Wednesday, December 23, 2015

Juniper's Software Security Problem and What We can learn from it?

Recently, Juniper was in the news for a wrong reason: FBI is investigating Juniper for a security hole in its Netscreen Firewall products. 

FBI is investigating on a security hole - i.e., someone had put  "unauthorized code" inside Netscreen Firewall - a security equipment sold by Juniper Networks.

While this investigation goes on, there is a major learning for all product companies. Adding some "unauthorized code" into the product is a regular technique used by various government agencies. Few years ago,  NSA had done a similar thing - put code on Cisco network equipment, which prompted John Chambers, then the CEO of Cisco, to write an open letter to President Obama asking Obama to stop the NSA from hacking into Cisco's equipment.

In February 2015, Kaspersky labs found out that NSA had created spyware hidden in the hard drive firmware of more than dozen of the largest manufacturers brands in the industry, including Samsung, Western Digital, Seagate, Maxtor, Toshiba and Hitachi. See: NSA Planted Stuxnet-Type Malware Deep Within Hard Drive Firmware

Given the extent of reach and power NSA and other governmental agencies have, it would be wise to assume that majority of computer equipment could have "unauthorized code"!

How does such "unauthorized code" get into the system?

According to information revealed by Edward Snowden, hacking into hardware is relatively easy for agencies like NSA. NSA has a special department to handle this - called as TAO: Tailored Access Operation Unit. TAO intercept servers, routers, and other network gear being shipped to organizations targeted for surveillance and install covert implant firmware onto them before they're delivered. These devices are then re-packaged and placed back into transit to the original destination. All of this happens with the support of Intelligence Community partners and the technical wizards in TAO.

What can be done about it?

Since the "unauthorized code" is added during the transit, the original manufacturer has no idea that the software inside the device has been compromised. The customer also has no idea of what's inside the box.

As the experts at TAO can do a good job, there will be no physical signs of tampering on the physical boxes.

There are several ways to avoid such hacks. (but there is no perfect plan) This calls for vendor to provide a greater level of transparency to the customer.

1. Ship Hardware only - without any firmware in the device.

All physically shipped products are shipped without any software or data storage drives/memory.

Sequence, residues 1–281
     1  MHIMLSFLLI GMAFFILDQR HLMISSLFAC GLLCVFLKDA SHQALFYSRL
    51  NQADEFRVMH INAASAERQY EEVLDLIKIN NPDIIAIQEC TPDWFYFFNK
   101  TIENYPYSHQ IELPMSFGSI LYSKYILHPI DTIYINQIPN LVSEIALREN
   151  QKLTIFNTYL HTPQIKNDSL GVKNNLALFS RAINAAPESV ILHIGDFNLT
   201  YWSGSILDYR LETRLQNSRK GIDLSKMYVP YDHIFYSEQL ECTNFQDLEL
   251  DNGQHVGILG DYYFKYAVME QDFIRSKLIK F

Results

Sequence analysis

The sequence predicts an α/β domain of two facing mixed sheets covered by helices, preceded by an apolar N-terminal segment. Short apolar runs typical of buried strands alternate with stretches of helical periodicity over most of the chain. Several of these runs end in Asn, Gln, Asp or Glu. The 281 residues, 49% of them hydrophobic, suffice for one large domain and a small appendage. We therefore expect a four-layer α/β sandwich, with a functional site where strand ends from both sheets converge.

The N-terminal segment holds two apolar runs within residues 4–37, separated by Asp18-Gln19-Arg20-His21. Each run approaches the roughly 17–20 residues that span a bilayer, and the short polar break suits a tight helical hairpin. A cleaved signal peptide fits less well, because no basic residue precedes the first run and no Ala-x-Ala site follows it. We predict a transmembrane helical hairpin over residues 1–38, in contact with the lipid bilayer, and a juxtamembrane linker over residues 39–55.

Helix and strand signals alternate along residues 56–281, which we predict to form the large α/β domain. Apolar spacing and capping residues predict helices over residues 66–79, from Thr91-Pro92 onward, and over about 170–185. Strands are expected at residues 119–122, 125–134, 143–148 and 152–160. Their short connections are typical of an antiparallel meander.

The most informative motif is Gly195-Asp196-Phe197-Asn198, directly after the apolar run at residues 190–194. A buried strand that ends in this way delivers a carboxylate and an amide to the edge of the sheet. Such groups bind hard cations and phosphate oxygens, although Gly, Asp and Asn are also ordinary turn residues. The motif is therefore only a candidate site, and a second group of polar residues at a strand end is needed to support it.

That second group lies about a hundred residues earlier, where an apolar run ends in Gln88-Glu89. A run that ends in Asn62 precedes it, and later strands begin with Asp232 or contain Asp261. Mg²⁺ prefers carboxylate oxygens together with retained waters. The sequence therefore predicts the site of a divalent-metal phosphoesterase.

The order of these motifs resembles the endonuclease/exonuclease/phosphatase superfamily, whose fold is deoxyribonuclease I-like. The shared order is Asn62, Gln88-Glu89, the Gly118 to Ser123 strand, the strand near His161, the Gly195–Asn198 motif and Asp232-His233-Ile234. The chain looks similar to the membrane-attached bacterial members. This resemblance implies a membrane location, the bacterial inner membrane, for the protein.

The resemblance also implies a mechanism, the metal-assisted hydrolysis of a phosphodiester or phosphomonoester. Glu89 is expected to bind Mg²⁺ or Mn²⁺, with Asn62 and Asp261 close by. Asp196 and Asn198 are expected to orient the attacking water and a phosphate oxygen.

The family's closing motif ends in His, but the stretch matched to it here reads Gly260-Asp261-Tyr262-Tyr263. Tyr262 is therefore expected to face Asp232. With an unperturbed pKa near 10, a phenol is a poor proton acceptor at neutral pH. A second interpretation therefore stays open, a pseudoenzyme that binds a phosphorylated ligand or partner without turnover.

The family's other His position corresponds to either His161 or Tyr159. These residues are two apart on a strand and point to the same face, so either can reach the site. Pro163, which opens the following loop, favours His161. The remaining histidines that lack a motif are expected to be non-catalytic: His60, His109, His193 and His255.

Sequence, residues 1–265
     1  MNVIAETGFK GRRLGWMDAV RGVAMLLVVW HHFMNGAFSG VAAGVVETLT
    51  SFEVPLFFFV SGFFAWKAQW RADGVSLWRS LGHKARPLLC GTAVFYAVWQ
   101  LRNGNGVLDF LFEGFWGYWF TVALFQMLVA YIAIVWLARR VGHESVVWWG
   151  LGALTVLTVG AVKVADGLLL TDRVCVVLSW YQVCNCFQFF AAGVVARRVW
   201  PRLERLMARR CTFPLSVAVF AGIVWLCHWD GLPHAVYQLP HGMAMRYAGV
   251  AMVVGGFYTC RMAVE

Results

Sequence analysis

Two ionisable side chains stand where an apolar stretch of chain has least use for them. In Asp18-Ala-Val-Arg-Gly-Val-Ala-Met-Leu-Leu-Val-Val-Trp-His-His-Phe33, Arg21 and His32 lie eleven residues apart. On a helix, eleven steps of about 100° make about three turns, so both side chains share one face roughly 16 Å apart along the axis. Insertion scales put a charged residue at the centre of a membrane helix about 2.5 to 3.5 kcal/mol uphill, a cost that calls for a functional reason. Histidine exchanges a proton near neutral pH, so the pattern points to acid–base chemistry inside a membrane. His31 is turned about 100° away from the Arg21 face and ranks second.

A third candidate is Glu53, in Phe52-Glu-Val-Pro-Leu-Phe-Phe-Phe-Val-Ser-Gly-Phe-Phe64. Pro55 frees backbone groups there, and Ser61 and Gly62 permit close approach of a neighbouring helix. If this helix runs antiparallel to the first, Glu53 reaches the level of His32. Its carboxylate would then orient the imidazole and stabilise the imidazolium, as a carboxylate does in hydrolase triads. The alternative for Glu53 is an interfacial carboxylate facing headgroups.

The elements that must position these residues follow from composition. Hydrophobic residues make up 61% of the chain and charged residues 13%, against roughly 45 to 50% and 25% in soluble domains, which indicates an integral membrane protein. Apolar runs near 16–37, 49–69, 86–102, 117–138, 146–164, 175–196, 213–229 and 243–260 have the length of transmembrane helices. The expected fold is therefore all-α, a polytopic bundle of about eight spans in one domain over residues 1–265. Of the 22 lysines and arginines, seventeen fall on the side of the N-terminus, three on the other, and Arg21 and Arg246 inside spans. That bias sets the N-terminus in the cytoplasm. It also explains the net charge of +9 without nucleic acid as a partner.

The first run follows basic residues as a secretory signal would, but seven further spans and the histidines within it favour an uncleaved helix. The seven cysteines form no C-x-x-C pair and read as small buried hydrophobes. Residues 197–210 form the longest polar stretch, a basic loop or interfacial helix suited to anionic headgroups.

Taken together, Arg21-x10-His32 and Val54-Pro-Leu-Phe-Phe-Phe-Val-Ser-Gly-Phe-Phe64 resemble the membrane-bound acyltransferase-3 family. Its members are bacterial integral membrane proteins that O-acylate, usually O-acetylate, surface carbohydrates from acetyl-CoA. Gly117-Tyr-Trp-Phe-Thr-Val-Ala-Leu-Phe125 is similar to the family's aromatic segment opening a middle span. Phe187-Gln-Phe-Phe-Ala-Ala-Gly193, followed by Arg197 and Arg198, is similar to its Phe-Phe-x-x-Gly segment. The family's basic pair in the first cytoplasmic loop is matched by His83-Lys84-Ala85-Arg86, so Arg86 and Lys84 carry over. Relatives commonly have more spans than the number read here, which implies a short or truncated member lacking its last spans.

Equipment vendors can then provide another copy of the firmware via secure channel. In an extreme case, customer physically walks into a vendor location and get a copy of the firmware in a disc, which is then installed on the device.

2. Vendor provides CRC checksum details, code size, time stamps and other details to customer 

Equipment vendor also provides loads of meta data about the compiled firmware. Details such as CRC checksum, code size, code time stamps for the golden image is shared with customer. Customers can then check their equipment and embedded code to see if anything has changed.

3. Customer can insist on Open source software only

Several governments are now insisting on using open source software - which engineers from customer side can validate, compile and install on the hardware.

The other option for the customer to insist on vendor to provide the source code. Customer then can validate, compile and install on the hardware.

All this calls for greater transparency by the vendor and a change in product shipment & deployment - which adds to the final cost of the product.

How to detect and catch such "unauthorized code"?

The burden on detecting and catching such "unauthorized code" lies on the end customer. Customers of computer systems have much to lose, hence they must step-up their internal software security practices.

Many customer have instituted a software security assurance program - but this program must also include firmware and hardware.

EMC has a software product called Network Configuration Manager (NCM) to ensure that the network devices are running on authorized code.

Network Configuration & Compliance Management tool, can be used to regularly check all equipment for any changes to the underlying firmware and warn if any irregularities are found. NCM can also be used to remediate infected devices and change the firmware to the known "Golden Image" which is a customer validated version.

Network Configuration & Compliance Management tool can be used to automatically check several thousands of devices simultaneously, do regular compliance audits, report any violations and even do automated remediation steps.

In addition to network device configuration, customer will have to constantly monitor network traffic to detect any "Unauthorized Data Movement". Here again there are tools such as RSA's Envision and Lanscope's StealthWatch System.

Tools can help - but remember that organizations like NSA has a long reach and even RSA's security code has been hacked by NSA. See: Alleged NSA Dual_EC_DRBG backdoor 

Closing Thoughts

Information Security is a major problem. When governments are hacking basic network devices and hardware such as hard drives, the burden of information security lies squarely on customer's shoulders. Customers should be vigilant, demand greater transparency and implement tools and processes to catch any security violations.

Today, there are software tools to help in network security and compliance. Customer have to use tools to the best possible extent, demand greater code level transparency and implement a robust security assurance program. (And then keep your fingers crossed!)


Andrew Thompson said...
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